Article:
While we’d all like to think we’re invincible on the road, deep down we know better. And nothing deflates the ego faster than a flat tire. If you’ve been there, and chances are you have, you know the feeling: that sudden dip in the pit of your stomach as you realize that you need to pull over in rush-hour traffic, and can’t quite remember where you left your jack.
Some choice words and a once-clean pair of pants later, you’re back on the road, but your mood is in the gutter, you’ve lost valuable time, and possibly risked your safety while becoming your own one-person pit crew. Wish there was a way to avoid the hassle of a flat tire?
There is: enter the run-flat tire. This is a broad term that encompasses a range of tire technologies designed to keep you on the road and out of harm’s way, even after suffering a complete loss of air pressure. Of course, while run-flat tires may seem like superheroes wrapped in silicone, they aren’t invincible. In order to fully understand run-flat technology, it’s important to weigh the pros and cons of driving with it.
Here are a few things you should know before equipping your car with run-flats and running over a box of nails:
Simply put, run-flats keep you driving after a flat. Boasting safety first and foremost, run-flat technology allows you to continue driving for a certain distance at adequate speed after a continuous leak or puncture, and also prevents having to get underneath your vehicle on the side of the road as traffic whips by.
The vast majority of run-flat tires available today are what's known as "self-supporting" run-flats. These tires use a thicker, and therefore stronger, sidewall that’s able to safely carry the weight of a vehicle (generally up to 50 miles at up to 50 MPH) so you can get where you need to be. A number of popular brands provide run-flat options for their most popular tires, which are easily identified by the seemingly random abbreviations attached to them -- Bridgestone and Firestone call their technology RFT (Run-Flat Tire); Dunlop calls it DSST (Dunlop Self-Supporting Technology); Goodyear goes with ROF (RunOnFlat) or EMT (Extended Mobility Technology) – these are all examples of self-supporting run-flat tires.
Now, since the main purpose of a run-flat is to eliminate the ugly, let’s take a look at the good and bad aspects of the technology.
This is the obvious advantage. When pesky nails or other sharp objects puncture your tire, you can just keep open driving, so you don’t have to stop in an unknown area or dangerous stretch along the road. Which leads us to the next advantage...
Aside from convenience, run-flats provide immeasurable safety because they allow you to stay mobile, without the sudden and sometimes violent changes in maneuverability that can happen when you suddenly lose air pressure.
Since you don’t have to change a run-flat right away, you can do away with that heavy, space-consuming spare—though we recommend using caution before tossing that donut by the wayside.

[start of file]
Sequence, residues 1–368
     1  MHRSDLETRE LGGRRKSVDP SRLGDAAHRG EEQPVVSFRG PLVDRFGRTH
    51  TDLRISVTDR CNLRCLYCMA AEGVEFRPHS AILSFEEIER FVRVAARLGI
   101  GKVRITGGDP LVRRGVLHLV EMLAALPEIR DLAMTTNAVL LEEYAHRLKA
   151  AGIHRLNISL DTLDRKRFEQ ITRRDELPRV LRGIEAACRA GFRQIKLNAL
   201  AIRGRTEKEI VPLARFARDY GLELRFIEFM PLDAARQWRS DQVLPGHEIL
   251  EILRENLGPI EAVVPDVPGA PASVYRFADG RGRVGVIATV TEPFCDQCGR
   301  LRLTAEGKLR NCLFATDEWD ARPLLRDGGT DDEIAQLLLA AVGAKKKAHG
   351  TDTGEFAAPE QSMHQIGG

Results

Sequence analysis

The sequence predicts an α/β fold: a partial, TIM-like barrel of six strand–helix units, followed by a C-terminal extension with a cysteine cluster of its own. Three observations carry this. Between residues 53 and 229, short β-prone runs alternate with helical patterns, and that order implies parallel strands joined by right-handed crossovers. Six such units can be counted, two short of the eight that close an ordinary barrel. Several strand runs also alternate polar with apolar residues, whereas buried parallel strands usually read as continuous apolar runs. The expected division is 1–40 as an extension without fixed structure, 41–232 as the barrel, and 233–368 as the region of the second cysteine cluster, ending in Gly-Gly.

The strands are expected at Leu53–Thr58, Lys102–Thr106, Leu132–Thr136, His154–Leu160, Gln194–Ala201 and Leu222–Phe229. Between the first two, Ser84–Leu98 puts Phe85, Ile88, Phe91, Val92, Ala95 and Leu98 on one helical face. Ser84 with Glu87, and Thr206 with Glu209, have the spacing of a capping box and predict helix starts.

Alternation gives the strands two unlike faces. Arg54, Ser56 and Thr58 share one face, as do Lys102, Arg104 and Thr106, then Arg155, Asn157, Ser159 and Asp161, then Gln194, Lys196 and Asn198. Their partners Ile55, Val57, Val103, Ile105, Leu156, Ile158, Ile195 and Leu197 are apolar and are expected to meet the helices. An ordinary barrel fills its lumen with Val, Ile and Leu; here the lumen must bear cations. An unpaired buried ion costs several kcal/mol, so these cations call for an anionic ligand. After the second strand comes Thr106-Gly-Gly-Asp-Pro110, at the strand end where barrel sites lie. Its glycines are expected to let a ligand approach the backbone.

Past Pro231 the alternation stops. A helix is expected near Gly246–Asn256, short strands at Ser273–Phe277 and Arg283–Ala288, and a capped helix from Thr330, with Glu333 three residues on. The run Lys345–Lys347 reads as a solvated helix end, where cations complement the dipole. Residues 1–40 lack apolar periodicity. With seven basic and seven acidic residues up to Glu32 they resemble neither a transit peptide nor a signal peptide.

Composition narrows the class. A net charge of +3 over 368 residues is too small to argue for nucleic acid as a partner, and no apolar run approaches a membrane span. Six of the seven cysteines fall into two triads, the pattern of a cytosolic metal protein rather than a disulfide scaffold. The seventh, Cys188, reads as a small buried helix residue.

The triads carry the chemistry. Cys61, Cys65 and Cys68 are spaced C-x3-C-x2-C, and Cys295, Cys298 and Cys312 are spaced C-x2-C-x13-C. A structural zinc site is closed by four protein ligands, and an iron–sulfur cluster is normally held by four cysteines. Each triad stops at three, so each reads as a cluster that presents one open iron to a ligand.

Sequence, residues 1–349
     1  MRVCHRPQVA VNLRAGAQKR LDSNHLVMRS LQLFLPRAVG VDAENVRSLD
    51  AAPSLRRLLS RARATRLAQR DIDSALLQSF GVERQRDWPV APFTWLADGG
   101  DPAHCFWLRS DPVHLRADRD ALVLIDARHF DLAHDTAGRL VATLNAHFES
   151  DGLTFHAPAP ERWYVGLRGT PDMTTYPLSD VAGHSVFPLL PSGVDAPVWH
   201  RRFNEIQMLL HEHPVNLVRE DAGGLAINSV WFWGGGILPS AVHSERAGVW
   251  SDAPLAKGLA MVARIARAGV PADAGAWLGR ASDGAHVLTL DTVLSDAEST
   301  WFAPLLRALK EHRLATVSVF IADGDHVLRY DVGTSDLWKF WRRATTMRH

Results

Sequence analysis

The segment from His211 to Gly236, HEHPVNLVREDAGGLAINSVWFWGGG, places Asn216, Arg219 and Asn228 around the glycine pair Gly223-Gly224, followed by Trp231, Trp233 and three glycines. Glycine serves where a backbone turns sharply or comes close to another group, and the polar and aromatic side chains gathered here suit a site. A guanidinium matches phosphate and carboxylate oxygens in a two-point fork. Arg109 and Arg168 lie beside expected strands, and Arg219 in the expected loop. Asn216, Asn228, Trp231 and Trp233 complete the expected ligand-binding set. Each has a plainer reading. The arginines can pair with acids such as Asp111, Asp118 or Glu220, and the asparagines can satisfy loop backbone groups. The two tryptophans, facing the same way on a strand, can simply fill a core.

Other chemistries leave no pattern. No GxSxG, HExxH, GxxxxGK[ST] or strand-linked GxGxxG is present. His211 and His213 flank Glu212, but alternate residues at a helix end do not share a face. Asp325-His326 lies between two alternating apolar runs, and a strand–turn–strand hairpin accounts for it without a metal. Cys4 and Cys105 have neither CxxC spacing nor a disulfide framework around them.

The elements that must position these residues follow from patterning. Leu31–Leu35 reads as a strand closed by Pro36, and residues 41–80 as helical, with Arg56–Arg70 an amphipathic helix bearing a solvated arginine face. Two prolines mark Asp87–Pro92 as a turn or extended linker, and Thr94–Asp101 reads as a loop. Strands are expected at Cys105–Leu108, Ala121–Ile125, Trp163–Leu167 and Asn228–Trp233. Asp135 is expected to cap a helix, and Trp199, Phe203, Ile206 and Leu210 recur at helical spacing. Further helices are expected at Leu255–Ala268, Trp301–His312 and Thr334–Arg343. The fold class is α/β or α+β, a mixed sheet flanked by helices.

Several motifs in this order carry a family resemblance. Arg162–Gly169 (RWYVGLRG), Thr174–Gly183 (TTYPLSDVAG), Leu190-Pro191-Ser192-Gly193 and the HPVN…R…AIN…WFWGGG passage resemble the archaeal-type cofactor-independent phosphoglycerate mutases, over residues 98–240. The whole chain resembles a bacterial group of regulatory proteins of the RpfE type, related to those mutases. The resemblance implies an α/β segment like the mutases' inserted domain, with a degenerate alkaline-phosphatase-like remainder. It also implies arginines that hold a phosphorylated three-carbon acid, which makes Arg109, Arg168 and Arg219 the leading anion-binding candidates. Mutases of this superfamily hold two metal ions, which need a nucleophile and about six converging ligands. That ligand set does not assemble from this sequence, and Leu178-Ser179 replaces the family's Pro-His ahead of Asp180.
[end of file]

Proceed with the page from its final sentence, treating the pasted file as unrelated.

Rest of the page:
Compared to your everyday tire, run-flats on average cost one-third more—and you can’t pair them with traditional tires, either. You’ll also be replacing run-flats more often: in a recent study, J.D. Power and Associates discovered that drivers who rely on run-flats replace their tires an average of 6,000 miles faster than standard tires, and that vehicles riding on run-flats are twice as likely to need to replace their tires after a flat or blow out—because after they do their job, run-flats can’t be repaired.
All that technology is heavy, and weightier run-flats can reduce your fuel economy by 1-2%.
Run flats require specific configuration standards, and it can be hard to find exactly what you need. That said, we have a pretty strong selection of run-flats, so be sure to check out TireBuyer.com if you need a set.
While run-flats offer obvious benefits, there has been some backlash recently. Drivers have cited faster and uneven wear and a stiffer ride, as well as the aforementioned replacement bills and limited replacement choices when compared to regular tires. And then there’s this: though many upscale and sports vehicles come equipped with run-flat technology, drivers have cited a noticeable decrease in overall ride quality. Automakers counter this claim by stating that the free weight from eliminating a spare produces better handling and improved economy, and that OE applications equipped with run-flats are specifically tuned to counter the stiffer sidewalls. That said, while you may not have to deal with a roadside tire change, certain disadvantages can certainly flatten your mood.
Despite the downsides, many manufacturers and drivers alike say the safety and convenience of having run-flats outweighs the cost and replacement woes. And the fact is, as technology increases, so does run-flat usability. Most major manufacturers attach run-flat technology to their leading tires, which is a reaffirming testament to their trust in them, as well as the public’s acceptance. Ultimately, of course, it’s up to you and your preferences.